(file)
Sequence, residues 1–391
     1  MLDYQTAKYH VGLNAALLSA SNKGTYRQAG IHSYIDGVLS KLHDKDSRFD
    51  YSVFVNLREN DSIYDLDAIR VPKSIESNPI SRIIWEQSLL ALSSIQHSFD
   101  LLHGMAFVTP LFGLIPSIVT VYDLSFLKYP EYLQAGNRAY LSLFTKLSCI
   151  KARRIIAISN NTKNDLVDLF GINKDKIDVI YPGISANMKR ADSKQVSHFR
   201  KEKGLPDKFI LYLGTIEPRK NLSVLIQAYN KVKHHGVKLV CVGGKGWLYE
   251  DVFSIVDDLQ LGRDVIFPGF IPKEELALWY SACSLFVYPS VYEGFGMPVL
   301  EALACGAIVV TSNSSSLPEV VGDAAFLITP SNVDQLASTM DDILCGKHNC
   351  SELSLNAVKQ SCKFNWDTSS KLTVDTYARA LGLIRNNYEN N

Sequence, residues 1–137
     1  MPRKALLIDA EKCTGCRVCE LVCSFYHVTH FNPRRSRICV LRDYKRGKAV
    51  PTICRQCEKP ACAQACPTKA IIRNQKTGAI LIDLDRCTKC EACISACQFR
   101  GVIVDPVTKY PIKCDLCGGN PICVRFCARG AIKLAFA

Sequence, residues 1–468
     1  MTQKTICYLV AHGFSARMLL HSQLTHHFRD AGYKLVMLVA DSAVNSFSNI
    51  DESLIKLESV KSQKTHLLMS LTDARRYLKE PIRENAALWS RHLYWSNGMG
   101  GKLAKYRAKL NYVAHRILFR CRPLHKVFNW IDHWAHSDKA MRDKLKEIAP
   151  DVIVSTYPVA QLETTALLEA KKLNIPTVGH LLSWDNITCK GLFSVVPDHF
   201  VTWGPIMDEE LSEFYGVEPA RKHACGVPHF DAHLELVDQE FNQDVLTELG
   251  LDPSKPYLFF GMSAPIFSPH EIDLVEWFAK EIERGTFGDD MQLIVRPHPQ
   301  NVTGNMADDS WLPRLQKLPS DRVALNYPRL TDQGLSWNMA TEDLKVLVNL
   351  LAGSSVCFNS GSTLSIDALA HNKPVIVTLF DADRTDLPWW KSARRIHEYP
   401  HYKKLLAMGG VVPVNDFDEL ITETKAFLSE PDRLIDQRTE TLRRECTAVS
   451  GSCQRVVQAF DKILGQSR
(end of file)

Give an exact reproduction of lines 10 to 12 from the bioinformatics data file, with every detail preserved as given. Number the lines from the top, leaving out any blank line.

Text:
Sequence, residues 1–137
     1  MPRKALLIDA EKCTGCRVCE LVCSFYHVTH FNPRRSRICV LRDYKRGKAV
    51  PTICRQCEKP ACAQACPTKA IIRNQKTGAI LIDLDRCTKC EACISACQFR